ASHINGTON, April 22, 2013 – When President Obama nominated then-Senator John Kerry, D-Mass., as Secretary of State in January, political insiders and activists alike wondered whether the former Democratic presidential nominee would bring his environmentalist leanings to bear in the State Department. Though there has been little evidence of dramatic changes in Foggy Bottom, Secy. Kerry’s Earth Day statement shows no waffling on the issue of climate change: “As was clear in President Obama’s second inaugural address and in his State of the Union message, the United States is committed to meeting this challenge [of climate change] head on,” he said in a statement.
“The science is screaming at all of us and demands action,” he continued. “From the far reaches of Antarctica’s Ross Sea to tropical wetlands in Southeast Asia, we have a responsibility to safeguard and sustainably manage our planet’s natural resources, and the United States remains firm in its commitment to addressing global environmental challenges.”
As noted in the statement, Kerry participated in the first Earth Day in 1970. His political association with the environmental movement began in 1982, when he served as the Lieutenant Governor of Massachusetts. In that position, Kerry was heavily involved in the issue of acid rain and contributed policy to the National Governors Association resolution that became the Clean Air Act.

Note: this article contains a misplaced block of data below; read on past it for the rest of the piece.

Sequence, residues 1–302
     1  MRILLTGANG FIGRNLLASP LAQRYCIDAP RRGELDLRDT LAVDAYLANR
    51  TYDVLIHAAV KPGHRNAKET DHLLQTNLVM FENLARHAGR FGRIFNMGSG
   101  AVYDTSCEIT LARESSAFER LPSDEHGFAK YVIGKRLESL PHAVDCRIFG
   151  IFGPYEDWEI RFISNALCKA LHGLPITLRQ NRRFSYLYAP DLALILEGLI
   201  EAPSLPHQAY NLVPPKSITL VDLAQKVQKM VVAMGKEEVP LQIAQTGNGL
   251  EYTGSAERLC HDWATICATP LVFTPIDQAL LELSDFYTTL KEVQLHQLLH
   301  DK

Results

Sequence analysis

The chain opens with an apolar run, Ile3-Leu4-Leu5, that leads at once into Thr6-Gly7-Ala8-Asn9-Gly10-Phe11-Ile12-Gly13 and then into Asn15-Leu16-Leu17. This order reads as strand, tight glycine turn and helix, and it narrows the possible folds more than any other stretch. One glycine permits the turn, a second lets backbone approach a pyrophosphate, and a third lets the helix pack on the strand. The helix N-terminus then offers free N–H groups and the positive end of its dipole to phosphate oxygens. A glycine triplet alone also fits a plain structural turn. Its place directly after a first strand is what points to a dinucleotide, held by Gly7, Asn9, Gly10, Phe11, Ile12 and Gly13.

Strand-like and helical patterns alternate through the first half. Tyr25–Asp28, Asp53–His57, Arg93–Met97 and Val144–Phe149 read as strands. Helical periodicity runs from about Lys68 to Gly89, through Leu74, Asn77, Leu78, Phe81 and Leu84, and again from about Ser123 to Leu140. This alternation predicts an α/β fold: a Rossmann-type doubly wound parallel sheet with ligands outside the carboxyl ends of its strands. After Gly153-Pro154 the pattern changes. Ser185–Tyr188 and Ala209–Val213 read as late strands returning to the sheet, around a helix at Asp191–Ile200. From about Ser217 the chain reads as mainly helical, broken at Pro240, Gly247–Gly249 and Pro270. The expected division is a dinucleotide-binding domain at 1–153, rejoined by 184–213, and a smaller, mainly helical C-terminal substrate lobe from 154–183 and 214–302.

The full text of his Earth Day statement is below:
The United States joins countries around the world today in commemorating Earth Day. Ever since I was involved in the first Earth Day in Massachusetts, way back in 1970, this has always been a day to reflect on our environmental challenges and our responsibility to safeguard our God-given natural resources on a fragile planet we share with the rest of humanity and which we must protect for future generations.
This year’s Earth Day theme, the Faces of Climate Change, puts a special focus on the very real impact climate change has on people everywhere, and demonstrates just how clearly connected we all are. What one country does impacts the livelihoods of people elsewhere – and what we all do to address climate change now will largely determine the kind of planet we leave for our children and generations to come. As was clear in President Obama’s second inaugural address and in his State of the Union message, the United States is committed to meeting this challenge head on, working in cooperation with our partners around the world through ambitious actions to reduce emissions, transform our energy economy, and help the most vulnerable cope with the effects of climate change. Dealing responsibly with the clear and present danger of climate change was a focus of my recent trip to China, and it is a challenge I will be engaging to meet everywhere I travel as Secretary of State. If ever there was an issue that demanded greater cooperation, partnership, and committed diplomacy, this is it.
The science is screaming at all of us and demands action. From the far reaches of Antarctica’s Ross Sea to tropical wetlands in Southeast Asia, we have a responsibility to safeguard and sustainably manage our planet’s natural resources, and the United States remains firm in its commitment to addressing global environmental challenges.
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